Have the seller provide as much documentation as possible, including registration and title documents, service receipts and proof of insurance.
• Odometer Rollbacks.
Digital odometers can be easier to tamper with, and the tampering harder to detect. Make sure the wear and tear on the inside and outside of the car matches what the mileage reading says.
• Flood Damage.
More than half of the cars damaged by floods get cleaned up and returned to the road.
Illegal dealers posing as private sellers sell lots of cars either on the side of the road or through classified ads. Many of the cars have hidden problems and the seller typically disappears after the sale.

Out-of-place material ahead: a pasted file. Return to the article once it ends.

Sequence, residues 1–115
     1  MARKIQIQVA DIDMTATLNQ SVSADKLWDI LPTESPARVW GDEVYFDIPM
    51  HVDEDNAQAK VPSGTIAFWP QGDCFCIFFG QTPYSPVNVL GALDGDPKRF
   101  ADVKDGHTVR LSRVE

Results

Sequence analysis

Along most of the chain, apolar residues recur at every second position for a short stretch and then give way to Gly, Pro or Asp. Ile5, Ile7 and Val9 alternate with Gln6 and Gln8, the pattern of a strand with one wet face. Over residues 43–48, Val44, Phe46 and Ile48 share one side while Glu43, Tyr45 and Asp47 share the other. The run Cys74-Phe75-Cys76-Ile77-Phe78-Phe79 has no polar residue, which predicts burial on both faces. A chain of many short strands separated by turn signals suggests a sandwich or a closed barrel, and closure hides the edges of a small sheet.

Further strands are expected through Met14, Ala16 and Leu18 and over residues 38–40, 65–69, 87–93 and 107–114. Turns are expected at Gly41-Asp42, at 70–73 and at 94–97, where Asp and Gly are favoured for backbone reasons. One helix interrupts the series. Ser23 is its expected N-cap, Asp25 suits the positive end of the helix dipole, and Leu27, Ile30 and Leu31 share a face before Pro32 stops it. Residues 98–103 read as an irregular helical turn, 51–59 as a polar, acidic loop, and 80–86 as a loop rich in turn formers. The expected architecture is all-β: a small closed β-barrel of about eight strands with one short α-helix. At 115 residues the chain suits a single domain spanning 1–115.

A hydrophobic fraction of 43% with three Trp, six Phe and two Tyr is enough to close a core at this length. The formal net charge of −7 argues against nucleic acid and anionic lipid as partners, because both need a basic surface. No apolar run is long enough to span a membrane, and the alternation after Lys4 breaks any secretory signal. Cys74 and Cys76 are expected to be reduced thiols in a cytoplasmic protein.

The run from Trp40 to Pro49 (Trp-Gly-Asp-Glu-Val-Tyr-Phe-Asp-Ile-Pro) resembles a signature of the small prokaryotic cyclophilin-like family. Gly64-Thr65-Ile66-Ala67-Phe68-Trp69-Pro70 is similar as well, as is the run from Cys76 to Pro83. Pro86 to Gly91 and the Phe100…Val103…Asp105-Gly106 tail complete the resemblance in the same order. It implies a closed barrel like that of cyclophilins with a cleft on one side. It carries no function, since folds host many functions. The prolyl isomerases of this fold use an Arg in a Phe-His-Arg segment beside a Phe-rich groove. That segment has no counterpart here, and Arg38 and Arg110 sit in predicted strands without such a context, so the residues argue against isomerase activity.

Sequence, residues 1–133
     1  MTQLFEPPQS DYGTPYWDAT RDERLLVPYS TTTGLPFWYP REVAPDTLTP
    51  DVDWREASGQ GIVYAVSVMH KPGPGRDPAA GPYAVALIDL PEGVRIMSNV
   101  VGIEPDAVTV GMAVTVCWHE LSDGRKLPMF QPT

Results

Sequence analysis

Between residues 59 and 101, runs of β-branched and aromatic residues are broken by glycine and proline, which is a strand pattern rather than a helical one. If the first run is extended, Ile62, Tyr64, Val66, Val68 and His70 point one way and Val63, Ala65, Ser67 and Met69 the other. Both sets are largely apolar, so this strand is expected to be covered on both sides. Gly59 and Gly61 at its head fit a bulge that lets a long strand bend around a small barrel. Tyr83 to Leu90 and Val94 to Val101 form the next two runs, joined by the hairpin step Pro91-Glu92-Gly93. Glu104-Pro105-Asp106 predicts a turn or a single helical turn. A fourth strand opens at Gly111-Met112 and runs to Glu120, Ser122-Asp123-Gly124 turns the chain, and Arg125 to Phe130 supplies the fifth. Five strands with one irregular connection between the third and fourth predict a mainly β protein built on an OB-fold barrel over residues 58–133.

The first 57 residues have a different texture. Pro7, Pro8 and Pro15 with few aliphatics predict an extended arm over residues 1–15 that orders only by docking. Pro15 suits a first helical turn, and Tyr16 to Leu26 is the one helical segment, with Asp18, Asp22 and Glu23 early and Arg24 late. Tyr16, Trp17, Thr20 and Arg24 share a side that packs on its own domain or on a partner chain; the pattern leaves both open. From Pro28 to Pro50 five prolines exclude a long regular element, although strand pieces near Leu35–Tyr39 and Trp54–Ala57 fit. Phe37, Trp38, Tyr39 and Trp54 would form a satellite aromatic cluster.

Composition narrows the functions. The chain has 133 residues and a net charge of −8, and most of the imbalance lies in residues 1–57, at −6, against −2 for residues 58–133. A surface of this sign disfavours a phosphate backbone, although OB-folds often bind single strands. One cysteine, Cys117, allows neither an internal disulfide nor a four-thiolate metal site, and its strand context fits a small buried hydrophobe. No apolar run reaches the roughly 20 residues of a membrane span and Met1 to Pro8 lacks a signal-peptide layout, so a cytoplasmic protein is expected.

• Open Recalls.
Estimates are that 30 percent of all recalled cars go unfixed. Check for open recalls at www.carfax.com/recall and get more details about a specific recall at www.safercar.gov. Franchise dealers will fix open recalls at no cost.
• Certified Pre-Owned (CPO).
Perhaps the best value for many used-car shoppers, certified cars are the closest thing to new cars at used-car prices. Most manufacturer programs, such as those from Honda, GM and Toyota, include a rigorous mechanical inspection and a free Carfax Vehicle History Report with every CPO vehicle.
• Cars Sold Online.
Sites such as AutoTrader.com and Cars.com let you expand your search area and compare vehicles to find the best deal. Use discretion when buying from online classifieds and auction sites.
An inspection by a mechanic or body shop and a Carfax Report is your best one-two punch to find the right used car and avoid costly hidden problems. Shop at reputable dealerships and say, "Show me the Carfax."